Everybody who considers that we may live in a simulation always proposes that it's a perfect simulation. That does not need to be the case. It's unlikely for me... no technology is perfect. So it really is a scientific question that may be able to make predictions, depending on what kind of simulation you think of. If it runs on computers like our own (just much bigger and better) then there are limitations.

    1) The level of detail may very well not be infinite. It may be possible to determine what level of accuracy natural laws actually have. Finding those limits would be evidence for a simulated world.

    2) There may be an admin interface for people who want to visit the simulation. This would be cool to discover :o).

    3) In a simulation, anything can be possible. Natural laws can be broken intentionally by the simulation admins.

  • GrayGaffer says:

    The level of detail of simulation only has to be sufficient for the awareness of the entities living in it, and only insofar as each is currently paying attention and to what. We are already using this principle in hi-res flight sims by only rendering in detail the area where the eyes are looking and leaving the rest in lower resolution.

    We do not actually have atom-level detail for anything outside of our own solar system, and even within it apart from a few highly localized sample points our pixels cover meters at least.

    We do observe a universe that appears to obey a pretty simple set of rules (for some values of "simple", that is:). And note: it is only what we perceive that requires rendering, what is "out there" need not be so precise. Even if "out there" is an oscilloscope supposedly rendering pico-second events for me to observe.

    The time scale of the simulation need bear only a very loose relationship to the time scale of our perceptions. In fact, we can get beyond quantized to apparently continuous perceptions with a frame rendering rate of around 50 per second. So what if it takes our supporting machine 10 seconds to compute each 20 msecs slice if my experience? I would have no way of perceiving that. Worse than trying to look at my own retinas without a mirror.

    So, ultimately, it makes little practical difference. I am happy with my personal compute resources. Do I want the red or blue pill? A question I have not really answered in all the years since it was first asked. And the sysadmin's backup policies? funding? Well, I would like to keep doing this as long as I can, but if the system fails or the plug is pulled I would not be aware of it so again makes little difference.

  • rknop says:

    GrayGaffer said what I would have said re: resolution and such. The simulation can be very coarse as we look far away, as we can't see things that well-- but it can also adapt and improve as necessary, similar to how grid-based fluid dynamic simulations already work.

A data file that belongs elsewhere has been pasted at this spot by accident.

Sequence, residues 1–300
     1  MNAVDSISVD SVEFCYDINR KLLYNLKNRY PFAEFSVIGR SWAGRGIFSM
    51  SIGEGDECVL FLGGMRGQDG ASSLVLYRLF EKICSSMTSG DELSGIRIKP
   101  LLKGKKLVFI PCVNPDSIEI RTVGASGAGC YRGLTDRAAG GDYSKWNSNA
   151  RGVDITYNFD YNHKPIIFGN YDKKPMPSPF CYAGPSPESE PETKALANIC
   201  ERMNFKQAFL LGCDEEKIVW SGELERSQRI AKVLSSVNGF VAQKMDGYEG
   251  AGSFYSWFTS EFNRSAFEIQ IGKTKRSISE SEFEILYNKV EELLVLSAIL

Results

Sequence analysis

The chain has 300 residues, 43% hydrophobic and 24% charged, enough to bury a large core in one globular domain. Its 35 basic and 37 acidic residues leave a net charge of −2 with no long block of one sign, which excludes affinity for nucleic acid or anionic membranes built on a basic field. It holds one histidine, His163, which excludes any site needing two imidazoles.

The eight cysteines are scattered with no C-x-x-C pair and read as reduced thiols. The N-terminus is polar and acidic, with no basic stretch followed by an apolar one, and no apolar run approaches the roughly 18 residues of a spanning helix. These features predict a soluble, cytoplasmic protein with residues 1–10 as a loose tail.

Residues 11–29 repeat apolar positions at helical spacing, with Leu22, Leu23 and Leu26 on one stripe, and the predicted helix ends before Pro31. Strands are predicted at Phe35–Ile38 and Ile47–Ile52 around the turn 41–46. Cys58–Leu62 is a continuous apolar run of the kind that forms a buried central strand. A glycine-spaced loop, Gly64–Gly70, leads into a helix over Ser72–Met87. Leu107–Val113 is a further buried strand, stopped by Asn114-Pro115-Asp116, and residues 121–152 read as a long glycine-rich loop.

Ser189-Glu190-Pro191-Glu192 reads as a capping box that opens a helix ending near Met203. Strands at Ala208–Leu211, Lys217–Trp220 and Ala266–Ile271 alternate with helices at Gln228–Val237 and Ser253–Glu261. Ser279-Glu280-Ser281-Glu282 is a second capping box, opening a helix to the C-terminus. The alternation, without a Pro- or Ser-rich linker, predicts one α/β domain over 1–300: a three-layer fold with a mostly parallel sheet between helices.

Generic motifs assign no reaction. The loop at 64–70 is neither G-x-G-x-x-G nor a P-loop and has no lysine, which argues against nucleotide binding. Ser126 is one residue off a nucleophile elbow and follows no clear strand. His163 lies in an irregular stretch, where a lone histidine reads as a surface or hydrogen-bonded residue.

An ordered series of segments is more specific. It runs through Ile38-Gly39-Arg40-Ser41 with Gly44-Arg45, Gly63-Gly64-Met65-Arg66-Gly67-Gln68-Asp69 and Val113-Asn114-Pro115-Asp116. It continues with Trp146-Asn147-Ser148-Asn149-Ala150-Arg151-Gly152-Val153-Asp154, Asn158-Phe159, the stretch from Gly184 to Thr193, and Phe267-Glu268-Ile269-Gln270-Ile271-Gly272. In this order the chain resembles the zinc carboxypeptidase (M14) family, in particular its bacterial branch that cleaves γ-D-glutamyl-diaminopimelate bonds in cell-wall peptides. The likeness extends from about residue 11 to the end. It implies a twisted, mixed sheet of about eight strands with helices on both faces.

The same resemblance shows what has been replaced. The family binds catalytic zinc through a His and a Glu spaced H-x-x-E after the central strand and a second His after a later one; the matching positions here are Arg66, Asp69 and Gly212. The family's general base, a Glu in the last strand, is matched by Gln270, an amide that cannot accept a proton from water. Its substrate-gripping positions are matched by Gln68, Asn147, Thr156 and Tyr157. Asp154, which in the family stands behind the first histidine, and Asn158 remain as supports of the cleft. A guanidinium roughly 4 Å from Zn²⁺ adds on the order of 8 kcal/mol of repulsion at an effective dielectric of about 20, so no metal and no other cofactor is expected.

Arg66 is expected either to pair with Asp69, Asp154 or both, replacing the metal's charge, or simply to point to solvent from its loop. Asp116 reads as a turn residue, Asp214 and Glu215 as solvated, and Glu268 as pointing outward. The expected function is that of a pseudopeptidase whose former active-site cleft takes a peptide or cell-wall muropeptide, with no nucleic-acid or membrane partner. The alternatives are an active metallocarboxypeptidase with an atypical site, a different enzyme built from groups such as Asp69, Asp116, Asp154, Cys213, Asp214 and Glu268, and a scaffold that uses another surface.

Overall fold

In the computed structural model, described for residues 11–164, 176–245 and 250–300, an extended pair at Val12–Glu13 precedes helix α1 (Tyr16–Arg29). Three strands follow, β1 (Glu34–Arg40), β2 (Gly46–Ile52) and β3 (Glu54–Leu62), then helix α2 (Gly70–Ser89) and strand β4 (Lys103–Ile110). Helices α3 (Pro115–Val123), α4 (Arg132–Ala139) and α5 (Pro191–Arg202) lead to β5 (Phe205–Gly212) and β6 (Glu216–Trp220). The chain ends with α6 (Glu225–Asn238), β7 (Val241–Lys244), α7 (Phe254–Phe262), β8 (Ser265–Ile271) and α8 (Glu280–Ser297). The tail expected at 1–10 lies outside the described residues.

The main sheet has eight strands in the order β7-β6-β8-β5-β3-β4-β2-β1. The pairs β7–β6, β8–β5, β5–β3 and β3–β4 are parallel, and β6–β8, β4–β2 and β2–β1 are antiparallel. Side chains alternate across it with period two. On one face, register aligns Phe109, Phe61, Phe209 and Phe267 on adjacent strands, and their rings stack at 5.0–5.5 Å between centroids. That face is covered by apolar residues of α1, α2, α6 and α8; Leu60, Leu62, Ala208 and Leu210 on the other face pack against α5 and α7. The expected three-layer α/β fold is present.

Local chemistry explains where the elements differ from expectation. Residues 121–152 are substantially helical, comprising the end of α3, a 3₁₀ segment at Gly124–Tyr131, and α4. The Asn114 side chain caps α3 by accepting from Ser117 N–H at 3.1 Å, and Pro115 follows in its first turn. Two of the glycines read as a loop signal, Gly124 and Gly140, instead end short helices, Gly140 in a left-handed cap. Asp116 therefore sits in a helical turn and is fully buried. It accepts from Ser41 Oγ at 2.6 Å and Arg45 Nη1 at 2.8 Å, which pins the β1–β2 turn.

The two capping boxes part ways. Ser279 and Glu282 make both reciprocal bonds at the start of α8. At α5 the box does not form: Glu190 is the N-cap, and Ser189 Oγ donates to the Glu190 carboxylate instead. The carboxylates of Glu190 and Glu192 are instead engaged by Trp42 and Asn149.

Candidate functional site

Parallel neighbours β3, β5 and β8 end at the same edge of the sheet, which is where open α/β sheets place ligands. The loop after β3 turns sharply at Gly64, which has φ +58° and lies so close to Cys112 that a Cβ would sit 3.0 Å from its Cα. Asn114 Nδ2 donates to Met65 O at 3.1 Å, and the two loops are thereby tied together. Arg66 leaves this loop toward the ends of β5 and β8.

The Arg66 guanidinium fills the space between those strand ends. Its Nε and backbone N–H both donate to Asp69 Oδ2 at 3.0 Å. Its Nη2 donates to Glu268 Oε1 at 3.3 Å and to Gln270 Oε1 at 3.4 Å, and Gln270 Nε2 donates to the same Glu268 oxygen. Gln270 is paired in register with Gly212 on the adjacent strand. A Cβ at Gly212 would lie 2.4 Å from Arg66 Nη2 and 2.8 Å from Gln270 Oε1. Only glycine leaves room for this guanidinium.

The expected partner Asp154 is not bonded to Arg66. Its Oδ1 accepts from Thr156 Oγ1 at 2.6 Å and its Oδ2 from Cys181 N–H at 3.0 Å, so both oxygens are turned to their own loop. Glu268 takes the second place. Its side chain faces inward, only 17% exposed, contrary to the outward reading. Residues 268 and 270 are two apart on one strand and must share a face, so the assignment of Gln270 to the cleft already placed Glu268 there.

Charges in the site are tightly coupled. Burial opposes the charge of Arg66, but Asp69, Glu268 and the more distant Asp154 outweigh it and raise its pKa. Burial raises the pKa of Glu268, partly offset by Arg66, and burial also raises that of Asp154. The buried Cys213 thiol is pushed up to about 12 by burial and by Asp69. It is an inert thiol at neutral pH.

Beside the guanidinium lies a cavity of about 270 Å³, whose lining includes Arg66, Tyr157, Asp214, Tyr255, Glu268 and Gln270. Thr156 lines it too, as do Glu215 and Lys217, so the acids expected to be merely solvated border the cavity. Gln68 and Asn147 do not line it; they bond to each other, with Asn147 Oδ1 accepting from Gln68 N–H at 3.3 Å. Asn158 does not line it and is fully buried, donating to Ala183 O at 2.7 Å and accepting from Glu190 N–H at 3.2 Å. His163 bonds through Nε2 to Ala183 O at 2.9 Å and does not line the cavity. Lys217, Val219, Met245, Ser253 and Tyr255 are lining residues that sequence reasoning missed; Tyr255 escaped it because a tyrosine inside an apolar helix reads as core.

• Many years ago I posted on sci.physics a demonstration that many features of our Universe could be explained on the assumption that it is a simulation on some rather large computer. I can't remember all the details, but here are the high-lights.

    Uncertainty Principle: The state of every particle is held in a fixed number of bits, so the more bits taken up by position information the fewer bits left for momentum.

    Finite speed of light: A kludge to prevent overflow for fast moving objects.

    Event horizon around black holes: A bug. We are getting underflow to denormalised numbers. The consequential rounding errors lead to Hawking radiation.

    Clairvoyance: Every now and then the simulation is backed up to tape. Occasionally the system fails and must be restarted from one of these tapes. Unfortunately the memory isn't properly cleared on the restart, so information from later in simulated time is available early. This explains why no one can use clairvoyance at will; it's not something you do, it's something that's done to you.

    I can't remember the rest.

  • andy.s says:

    So, if somebody throws an exception, the entire universe might collapse?

    Everybody! START! BEHAVING! LOGICALLY! RIGHT! NOW!

    Ooops, I just SEGFAULTed. sorry, everyb-

  • Jay Double says:

    That is the reason we cannot access dark matter. These hidden or "non interactive" files are not accessible by the end user(us). I wish I had administrator authority and cheat codes. Maybe the Kardashians have the cheat codes....................

  • [...] know completely). There is a way by which they can probably understand the concept and that is by creating a simulated universe of their own. They are using their intelligence to create interesting things. They’ll simulate a universe [...]